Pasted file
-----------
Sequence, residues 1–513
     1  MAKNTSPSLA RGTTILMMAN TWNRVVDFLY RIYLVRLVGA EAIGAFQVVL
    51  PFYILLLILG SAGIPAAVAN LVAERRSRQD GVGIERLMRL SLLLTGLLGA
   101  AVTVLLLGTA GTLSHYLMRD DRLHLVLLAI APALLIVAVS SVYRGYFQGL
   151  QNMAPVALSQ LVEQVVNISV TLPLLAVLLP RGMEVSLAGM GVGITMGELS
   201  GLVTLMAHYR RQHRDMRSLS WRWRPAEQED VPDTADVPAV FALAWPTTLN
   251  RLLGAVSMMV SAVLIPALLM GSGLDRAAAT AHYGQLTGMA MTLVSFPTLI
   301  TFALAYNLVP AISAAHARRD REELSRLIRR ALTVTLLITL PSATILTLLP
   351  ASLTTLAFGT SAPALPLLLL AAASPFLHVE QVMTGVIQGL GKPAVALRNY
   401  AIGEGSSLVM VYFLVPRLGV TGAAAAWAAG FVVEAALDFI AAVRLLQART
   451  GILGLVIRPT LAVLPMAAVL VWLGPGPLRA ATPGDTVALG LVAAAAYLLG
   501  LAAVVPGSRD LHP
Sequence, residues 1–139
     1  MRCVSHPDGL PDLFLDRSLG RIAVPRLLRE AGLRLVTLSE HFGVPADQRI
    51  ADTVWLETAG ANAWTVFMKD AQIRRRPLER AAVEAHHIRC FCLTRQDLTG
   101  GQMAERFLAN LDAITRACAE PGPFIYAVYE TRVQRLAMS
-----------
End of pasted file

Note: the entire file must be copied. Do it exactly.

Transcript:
Sequence, residues 1–513
     1  MAKNTSPSLA RGTTILMMAN TWNRVVDFLY RIYLVRLVGA EAIGAFQVVL
    51  PFYILLLILG SAGIPAAVAN LVAERRSRQD GVGIERLMRL SLLLTGLLGA
   101  AVTVLLLGTA GTLSHYLMRD DRLHLVLLAI APALLIVAVS SVYRGYFQGL
   151  QNMAPVALSQ LVEQVVNISV TLPLLAVLLP RGMEVSLAGM GVGITMGELS
   201  GLVTLMAHYR RQHRDMRSLS WRWRPAEQED VPDTADVPAV FALAWPTTLN
   251  RLLGAVSMMV SAVLIPALLM GSGLDRAAAT AHYGQLTGMA MTLVSFPTLI
   301  TFALAYNLVP AISAAHARRD REELSRLIRR ALTVTLLITL PSATILTLLP
   351  ASLTTLAFGT SAPALPLLLL AAASPFLHVE QVMTGVIQGL GKPAVALRNY
   401  AIGEGSSLVM VYFLVPRLGV TGAAAAWAAG FVVEAALDFI AAVRLLQART
   451  GILGLVIRPT LAVLPMAAVL VWLGPGPLRA ATPGDTVALG LVAAAAYLLG
   501  LAAVVPGSRD LHP
Sequence, residues 1–139
     1  MRCVSHPDGL PDLFLDRSLG RIAVPRLLRE AGLRLVTLSE HFGVPADQRI
    51  ADTVWLETAG ANAWTVFMKD AQIRRRPLER AAVEAHHIRC FCLTRQDLTG
   101  GQMAERFLAN LDAITRACAE PGPFIYAVYE TRVQRLAMS